Saturday, January 07, 2006

Associated Press: GOP Scandal Woes Won't End With Delay's Withdrawl From Leadership

Finally somebody in the media gets it - Jennifer Loven of the Associated Press tells us today that the scandals/investigations/indictments/perp walks of 2006 are just getting started:

WASHINGTON Jan 7, 2006 — Republicans worried about their party's future have succeeded in pushing embattled former Majority Leader Tom DeLay off the stage. Even so, the Republicans' election-year troubles are far from over.

Need a reminder?

President Bush, the titular head of the GOP, is waging an unpopular war in Iraq and presiding over a nation with lingering economic anxieties. He suffers from approval ratings around 40 percent near record lows for his presidency. Questionable stock transactions by the top Republican in the Senate, Majority Leader Bill Frist of Tennessee, are under investigation. A special prosecutor's probe continues into whether Bush administration officials outed a CIA operative in retribution for her husband's Iraq war criticism. A secret anti-terror program that Bush approved to eavesdrop on people inside the United States without warrants is raising concerns about overly broad presidential powers.

Potentially most damaging is an influence-peddling scandal on Capitol Hill.

Last week's guilty pleas to corruption and tax evasion charges by the central figure in the scandal, disgraced lobbyist Jack Abramoff, are anything but the last chapter. Abramoff is cooperating in a wide-ranging investigation that could ensnare dozens of lawmakers with close ties to the generous and powerful lobbyist, including DeLay and House Administration Committee Chairman Bob Ney, R-Ohio.

Ross Baker, a political science professor at Rutgers University, called it a "partywide crisis" that the GOP has problems with its leadership in all three areas of the federal government that it controls.

"The removal of DeLay from the leadership doesn't end their problems with scandal and, more broadly, with running the House," said Norm Ornstein with the conservative American Enterprise Institute. "That's their challenge, is to begin to get their policy act together. And they're going to have to do it with just Republicans because Democrats are going to be against them."

Democrats have made clear they plan to make GOP corruption a centerpiece campaign theme. They pounced.

"Tom DeLay bears much of the responsibility for the culture of corruption Republicans have created in Washington, D.C., but his removal from House leadership alone will not end the pervasive cronyism and corruption that he and Washington Republicans created," said Senate Democratic Leader Harry Reid of Nevada.

The anti-corruption tact gives Democrats the opportunity to overcome bad fractures within their party as well as their lack of a cohesive message. An AP-Ipsos poll last month showed that 88 percent of Americans say that corruption reaching into all levels of government is a serious problem.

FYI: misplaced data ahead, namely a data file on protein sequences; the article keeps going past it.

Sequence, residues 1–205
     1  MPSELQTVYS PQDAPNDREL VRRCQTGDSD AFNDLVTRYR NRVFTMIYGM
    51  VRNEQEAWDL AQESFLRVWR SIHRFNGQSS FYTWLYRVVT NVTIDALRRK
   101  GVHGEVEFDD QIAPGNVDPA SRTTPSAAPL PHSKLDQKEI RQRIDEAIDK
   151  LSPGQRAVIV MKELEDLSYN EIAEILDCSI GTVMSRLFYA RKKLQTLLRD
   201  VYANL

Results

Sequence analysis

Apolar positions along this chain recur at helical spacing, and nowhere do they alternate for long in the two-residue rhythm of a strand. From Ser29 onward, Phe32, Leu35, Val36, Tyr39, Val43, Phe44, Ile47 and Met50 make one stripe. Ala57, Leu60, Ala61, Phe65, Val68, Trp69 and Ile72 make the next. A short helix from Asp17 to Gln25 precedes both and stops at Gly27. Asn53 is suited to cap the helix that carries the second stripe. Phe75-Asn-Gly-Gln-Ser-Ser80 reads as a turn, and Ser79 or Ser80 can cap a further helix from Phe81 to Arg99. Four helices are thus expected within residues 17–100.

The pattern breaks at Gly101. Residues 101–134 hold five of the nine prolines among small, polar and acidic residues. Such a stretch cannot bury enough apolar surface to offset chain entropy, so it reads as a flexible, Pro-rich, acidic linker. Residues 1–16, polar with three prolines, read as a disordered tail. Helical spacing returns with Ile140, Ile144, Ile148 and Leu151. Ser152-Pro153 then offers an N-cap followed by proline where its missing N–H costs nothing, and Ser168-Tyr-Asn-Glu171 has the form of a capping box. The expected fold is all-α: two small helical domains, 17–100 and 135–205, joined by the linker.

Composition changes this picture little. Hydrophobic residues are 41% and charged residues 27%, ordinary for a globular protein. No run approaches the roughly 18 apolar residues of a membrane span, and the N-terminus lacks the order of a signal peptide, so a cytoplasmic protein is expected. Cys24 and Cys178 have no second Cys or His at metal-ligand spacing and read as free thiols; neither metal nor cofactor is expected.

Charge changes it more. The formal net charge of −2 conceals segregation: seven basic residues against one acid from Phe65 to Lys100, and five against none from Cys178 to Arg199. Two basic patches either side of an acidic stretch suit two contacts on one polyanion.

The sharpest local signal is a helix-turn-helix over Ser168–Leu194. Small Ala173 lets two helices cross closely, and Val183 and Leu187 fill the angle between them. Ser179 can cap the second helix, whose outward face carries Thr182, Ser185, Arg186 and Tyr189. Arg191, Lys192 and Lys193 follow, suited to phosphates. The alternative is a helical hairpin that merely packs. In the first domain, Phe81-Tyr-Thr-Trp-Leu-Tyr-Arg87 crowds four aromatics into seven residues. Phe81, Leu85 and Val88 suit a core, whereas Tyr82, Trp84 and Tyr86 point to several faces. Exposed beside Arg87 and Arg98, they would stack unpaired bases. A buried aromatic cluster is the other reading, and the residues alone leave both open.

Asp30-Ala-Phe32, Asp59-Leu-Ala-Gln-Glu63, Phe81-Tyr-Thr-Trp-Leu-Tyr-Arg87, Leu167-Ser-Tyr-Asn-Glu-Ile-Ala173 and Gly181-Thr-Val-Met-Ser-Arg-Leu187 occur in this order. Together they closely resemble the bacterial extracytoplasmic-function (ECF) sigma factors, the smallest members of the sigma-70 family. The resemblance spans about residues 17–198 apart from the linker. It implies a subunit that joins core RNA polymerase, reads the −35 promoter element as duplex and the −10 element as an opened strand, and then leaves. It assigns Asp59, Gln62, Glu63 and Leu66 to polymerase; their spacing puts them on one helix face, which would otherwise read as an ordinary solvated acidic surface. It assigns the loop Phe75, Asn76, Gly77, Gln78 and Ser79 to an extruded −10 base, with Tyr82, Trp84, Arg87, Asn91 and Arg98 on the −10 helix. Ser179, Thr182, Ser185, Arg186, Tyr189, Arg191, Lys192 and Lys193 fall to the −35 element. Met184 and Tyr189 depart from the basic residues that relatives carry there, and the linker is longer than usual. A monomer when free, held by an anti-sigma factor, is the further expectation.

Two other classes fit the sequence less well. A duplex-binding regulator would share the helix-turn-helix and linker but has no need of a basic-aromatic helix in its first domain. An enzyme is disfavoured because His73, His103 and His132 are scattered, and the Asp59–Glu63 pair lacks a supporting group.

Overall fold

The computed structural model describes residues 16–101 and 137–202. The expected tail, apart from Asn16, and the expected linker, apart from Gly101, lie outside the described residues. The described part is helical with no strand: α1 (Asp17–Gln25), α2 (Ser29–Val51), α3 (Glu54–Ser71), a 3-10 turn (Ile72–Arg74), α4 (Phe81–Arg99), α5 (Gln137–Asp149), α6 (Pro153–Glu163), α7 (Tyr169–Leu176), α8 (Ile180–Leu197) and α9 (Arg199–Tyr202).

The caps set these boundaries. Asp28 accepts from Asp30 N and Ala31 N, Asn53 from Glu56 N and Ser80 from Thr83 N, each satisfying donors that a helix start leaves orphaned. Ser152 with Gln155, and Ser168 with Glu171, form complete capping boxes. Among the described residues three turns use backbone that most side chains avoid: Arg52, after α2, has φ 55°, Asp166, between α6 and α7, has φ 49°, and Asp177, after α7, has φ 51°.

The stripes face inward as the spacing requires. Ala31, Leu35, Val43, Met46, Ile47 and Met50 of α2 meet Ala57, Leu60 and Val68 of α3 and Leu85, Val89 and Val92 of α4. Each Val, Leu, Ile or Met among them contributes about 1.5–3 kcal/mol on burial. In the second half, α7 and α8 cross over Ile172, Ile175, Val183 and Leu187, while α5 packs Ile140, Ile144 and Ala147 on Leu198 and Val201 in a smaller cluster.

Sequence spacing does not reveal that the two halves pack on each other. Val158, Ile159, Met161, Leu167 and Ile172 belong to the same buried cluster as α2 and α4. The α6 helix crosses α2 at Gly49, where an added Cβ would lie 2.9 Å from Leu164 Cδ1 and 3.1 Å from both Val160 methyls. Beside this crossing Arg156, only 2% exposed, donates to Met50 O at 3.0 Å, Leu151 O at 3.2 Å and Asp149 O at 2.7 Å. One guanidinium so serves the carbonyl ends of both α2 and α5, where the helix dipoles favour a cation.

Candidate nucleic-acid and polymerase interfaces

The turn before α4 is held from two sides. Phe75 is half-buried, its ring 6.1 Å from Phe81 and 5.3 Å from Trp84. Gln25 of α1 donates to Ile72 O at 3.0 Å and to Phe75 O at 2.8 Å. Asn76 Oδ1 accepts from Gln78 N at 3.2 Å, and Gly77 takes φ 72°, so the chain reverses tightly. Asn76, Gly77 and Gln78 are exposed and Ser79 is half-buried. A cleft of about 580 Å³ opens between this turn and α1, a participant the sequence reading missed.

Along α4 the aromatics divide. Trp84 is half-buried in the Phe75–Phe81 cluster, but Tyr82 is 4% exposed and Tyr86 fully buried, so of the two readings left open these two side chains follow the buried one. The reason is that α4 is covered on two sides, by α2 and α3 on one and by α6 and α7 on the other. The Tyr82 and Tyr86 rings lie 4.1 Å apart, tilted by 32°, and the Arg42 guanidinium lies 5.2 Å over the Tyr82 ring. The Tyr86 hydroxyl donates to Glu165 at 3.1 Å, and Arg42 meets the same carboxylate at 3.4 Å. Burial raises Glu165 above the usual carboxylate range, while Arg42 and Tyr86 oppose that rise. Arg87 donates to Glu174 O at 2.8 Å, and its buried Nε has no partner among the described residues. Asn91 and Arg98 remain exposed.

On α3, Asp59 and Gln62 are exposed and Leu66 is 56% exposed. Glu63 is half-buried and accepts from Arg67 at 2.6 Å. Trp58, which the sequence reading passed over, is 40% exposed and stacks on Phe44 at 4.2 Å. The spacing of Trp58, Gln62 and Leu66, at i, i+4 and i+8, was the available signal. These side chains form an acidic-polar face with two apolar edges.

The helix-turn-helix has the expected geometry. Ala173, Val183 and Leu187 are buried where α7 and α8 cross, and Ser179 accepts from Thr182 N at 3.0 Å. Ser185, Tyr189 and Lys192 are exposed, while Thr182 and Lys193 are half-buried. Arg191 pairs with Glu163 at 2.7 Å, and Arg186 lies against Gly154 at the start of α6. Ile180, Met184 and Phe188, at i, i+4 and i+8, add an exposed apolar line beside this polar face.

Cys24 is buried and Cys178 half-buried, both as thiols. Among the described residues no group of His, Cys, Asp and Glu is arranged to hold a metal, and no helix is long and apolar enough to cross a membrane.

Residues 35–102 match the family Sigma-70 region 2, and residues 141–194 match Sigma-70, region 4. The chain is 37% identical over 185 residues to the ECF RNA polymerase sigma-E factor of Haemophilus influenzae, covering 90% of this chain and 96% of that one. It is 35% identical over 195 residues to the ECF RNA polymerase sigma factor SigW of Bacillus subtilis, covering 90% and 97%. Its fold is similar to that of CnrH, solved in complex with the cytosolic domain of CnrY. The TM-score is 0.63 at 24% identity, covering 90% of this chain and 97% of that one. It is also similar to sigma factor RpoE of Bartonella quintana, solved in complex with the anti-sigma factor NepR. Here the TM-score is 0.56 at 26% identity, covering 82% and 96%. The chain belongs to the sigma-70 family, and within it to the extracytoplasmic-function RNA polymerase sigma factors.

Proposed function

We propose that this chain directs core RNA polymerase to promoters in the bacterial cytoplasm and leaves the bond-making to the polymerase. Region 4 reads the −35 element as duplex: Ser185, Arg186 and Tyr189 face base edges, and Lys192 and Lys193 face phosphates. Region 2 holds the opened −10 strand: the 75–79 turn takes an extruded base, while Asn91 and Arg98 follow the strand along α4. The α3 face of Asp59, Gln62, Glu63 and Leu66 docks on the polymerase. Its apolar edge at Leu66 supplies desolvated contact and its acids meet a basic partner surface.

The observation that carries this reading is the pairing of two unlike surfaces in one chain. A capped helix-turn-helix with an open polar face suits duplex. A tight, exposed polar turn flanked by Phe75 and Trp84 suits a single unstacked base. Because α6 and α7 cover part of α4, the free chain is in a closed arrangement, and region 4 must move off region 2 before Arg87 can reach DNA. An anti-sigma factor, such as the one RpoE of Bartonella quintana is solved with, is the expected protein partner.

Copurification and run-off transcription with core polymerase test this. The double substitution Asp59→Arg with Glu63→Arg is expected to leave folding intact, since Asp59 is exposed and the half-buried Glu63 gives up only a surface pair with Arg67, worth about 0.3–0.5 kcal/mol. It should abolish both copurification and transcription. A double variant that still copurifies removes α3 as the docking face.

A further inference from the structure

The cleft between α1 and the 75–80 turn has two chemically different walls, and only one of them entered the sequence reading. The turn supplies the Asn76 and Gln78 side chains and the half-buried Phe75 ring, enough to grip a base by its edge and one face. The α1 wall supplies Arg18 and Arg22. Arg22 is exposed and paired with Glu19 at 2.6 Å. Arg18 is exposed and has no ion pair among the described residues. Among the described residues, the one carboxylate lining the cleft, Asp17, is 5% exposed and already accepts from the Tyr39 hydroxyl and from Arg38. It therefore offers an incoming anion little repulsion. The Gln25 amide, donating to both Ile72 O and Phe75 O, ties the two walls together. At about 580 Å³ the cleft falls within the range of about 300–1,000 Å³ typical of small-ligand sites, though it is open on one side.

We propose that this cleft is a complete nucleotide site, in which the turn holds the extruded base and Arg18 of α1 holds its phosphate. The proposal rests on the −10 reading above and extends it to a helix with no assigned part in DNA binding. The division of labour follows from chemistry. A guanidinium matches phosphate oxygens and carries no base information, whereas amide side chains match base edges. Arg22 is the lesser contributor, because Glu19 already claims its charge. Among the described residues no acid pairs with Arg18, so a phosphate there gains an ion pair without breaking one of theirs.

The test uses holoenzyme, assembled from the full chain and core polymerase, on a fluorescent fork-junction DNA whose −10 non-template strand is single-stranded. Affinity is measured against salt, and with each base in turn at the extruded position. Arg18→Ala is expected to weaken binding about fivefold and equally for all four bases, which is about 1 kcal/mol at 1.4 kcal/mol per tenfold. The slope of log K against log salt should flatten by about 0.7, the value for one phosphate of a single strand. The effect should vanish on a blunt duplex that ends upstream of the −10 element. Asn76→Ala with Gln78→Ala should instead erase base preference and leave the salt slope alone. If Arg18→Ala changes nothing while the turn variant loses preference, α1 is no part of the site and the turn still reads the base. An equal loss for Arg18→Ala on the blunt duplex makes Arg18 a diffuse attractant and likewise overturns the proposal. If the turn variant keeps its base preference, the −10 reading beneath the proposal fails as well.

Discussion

Bush had hoped to rescue both his and his party's political fortunes by turning a new page in 2006 and focusing on immigration reform, good economic news and turning around public opinion on Iraq.

But I. Lewis "Scooter" Libby, former chief of staff to Vice President Dick Cheney, is expected to stand trial in the CIA leak case this summer, just ahead of the midterm elections. The special prosecutor's inquiry continues, leaving the fate of other senior White House officials, notably Bush's deputy chief of staff and political guru Karl Rove, in doubt.

And the election for a new House majority leader will serve as a reminder of the GOP's troubles right when Bush is unveiling his election-year agenda. The House reconvenes the week of Jan. 30, with the election likely to be held right away. Bush's annual State of the Union address is tentatively scheduled for that week.

Missouri Rep. Roy Blunt, the GOP whip who temporarily has filled in for DeLay and is expected to run to permanently take his place, also could suffer from his association with Abramoff. He was among many lawmakers who refunded or gave to charity some or all of the donations they received from Abramoff, his associates or clients.

Though House Speaker Dennis Hastert's position seems secure, some are calling for a wider leadership shake up that would be messy and distracting. "The conference needs the ability to reassess the leadership team as a whole," said Rep. Melissa Hart, R-Pa.

Now many in the press have been compliantly reporting the Bushie message that Georgie Junior plans to start turning his administration around come January 31st when he officially kicks off the year with his State of the Union Address and lays the groundwork for a productive year.

But what the press fail to acknowledge in most of these stories is that Georgie Junior remains dependant on circumstances beyond his control, mostly in Iraq, but also in the CIA leak case, the Abramoff case, the NSA spying investigation, etc.

Georgie can give a helluva speech onJaunary 31st, but if Karl Rove gets indicted by Patrick Fitzgerald come February, all that wonderful January speechifying won't mean shit for the rest of the year. The same goes for more GOP indictements in the Abramoff scandal, more revelations in the NSA spying scandal, the release of more Abu Ghraib photos (which the administration keeps trying to quash by going to court), more bloodshed/civil war in Iraq, or the emergence of a Iranian-allied Shi'ite government in Iraq.

For Georgie Junior to have a good 2006, he has to get extremely lucky. And so far, in both Iraq (11 Americans killed on Thursday) and the Abramoff scandal, Bush hasn't exactly started off the year rolling sevens.

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